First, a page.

No, it is not. In such a sentence you can either use “both” or “as well as”. You cannot include the two in the same sentence. You can say, “Both Rahul and Peter live in Hosur” or “Rahul, as well as Peter, lives in Hosur”. Notice that in the second case, the verb is “lives” and not “live”. When you use “as well as” the verb that follows usually agrees with the noun that precedes “as well as” — especially when “as well as” is separated by commas.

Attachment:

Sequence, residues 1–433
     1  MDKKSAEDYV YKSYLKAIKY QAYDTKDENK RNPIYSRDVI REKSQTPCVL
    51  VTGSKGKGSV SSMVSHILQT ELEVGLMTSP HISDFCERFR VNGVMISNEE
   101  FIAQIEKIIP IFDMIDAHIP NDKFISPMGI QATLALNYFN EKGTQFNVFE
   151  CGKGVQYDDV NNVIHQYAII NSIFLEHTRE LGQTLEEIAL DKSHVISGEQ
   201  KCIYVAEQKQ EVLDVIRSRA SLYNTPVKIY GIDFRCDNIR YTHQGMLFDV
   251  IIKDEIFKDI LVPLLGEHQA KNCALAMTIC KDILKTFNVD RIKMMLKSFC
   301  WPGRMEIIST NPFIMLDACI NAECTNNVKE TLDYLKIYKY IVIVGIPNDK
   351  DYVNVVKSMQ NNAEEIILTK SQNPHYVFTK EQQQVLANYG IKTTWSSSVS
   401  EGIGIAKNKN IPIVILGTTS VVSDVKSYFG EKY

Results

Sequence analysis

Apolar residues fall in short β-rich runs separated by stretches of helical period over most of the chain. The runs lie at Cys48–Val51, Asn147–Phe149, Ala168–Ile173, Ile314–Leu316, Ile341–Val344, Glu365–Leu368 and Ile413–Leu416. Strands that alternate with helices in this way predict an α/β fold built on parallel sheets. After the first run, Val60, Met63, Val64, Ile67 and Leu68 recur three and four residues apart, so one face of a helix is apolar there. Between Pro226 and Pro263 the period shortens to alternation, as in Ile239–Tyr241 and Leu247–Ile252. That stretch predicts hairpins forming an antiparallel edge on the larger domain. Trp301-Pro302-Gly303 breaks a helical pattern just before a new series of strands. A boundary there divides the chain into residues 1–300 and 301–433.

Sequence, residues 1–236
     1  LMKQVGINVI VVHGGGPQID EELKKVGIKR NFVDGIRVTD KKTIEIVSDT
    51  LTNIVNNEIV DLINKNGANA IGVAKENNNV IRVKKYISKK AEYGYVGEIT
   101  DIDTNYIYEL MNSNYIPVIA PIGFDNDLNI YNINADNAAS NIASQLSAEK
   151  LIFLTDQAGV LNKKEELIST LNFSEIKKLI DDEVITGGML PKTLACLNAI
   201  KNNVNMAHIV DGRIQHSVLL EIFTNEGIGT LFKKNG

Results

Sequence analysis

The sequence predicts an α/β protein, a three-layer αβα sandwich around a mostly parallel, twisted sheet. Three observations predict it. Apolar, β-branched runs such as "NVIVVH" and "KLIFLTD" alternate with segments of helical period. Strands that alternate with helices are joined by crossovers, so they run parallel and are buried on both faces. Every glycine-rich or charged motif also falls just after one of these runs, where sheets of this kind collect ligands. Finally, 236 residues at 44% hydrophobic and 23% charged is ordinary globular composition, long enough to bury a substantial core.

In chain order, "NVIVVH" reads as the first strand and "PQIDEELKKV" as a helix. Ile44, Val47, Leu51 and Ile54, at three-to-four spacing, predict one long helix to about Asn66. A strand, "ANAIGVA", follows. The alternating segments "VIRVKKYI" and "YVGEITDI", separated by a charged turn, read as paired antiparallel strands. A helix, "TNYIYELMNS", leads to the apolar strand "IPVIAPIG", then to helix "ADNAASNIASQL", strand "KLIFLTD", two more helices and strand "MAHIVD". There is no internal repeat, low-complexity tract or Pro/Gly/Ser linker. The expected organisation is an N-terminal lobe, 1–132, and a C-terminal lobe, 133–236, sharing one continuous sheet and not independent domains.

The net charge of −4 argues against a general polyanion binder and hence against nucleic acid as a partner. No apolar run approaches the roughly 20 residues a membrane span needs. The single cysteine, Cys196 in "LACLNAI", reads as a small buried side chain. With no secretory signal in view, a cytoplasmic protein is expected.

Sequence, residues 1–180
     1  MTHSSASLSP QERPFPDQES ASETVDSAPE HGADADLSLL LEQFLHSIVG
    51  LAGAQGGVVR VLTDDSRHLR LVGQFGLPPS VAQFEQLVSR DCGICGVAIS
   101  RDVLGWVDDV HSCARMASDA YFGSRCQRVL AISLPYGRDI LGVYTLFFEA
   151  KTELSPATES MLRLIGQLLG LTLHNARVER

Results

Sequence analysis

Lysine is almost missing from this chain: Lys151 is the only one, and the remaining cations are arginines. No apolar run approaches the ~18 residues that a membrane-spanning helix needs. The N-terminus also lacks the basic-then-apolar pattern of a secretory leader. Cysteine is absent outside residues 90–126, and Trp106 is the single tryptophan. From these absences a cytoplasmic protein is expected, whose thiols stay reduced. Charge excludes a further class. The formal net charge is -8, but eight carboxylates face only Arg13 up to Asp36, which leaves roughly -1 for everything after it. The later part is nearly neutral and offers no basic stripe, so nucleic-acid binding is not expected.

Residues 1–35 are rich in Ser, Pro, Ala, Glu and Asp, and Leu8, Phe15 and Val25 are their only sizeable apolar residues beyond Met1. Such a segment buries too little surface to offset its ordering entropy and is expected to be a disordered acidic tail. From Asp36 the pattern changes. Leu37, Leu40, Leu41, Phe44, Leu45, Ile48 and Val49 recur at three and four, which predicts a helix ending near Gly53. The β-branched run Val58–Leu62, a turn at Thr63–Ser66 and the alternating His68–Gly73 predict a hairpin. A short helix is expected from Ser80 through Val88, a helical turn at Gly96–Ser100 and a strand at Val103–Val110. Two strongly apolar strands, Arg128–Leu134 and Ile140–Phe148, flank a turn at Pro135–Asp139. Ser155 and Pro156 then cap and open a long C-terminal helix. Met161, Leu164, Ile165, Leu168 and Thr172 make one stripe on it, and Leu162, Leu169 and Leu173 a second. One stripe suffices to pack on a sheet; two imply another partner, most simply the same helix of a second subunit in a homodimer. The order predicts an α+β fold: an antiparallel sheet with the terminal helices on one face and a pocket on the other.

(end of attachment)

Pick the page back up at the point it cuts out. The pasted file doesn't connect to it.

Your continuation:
*The teacher, as well as the students, is going to Chennai.
*The students, as well as the teacher, are going to Chennai.